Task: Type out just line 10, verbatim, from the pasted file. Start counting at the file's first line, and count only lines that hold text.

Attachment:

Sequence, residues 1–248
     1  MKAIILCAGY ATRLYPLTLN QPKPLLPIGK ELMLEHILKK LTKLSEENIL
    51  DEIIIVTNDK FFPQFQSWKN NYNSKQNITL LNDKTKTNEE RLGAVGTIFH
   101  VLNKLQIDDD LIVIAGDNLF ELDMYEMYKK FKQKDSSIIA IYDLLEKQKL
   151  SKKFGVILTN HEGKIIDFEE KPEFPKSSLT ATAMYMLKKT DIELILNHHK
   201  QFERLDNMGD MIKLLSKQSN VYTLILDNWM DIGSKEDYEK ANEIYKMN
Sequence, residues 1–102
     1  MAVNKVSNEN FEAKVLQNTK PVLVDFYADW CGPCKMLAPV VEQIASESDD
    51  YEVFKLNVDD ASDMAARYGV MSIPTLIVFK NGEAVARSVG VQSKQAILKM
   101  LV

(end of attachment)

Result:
   101  LV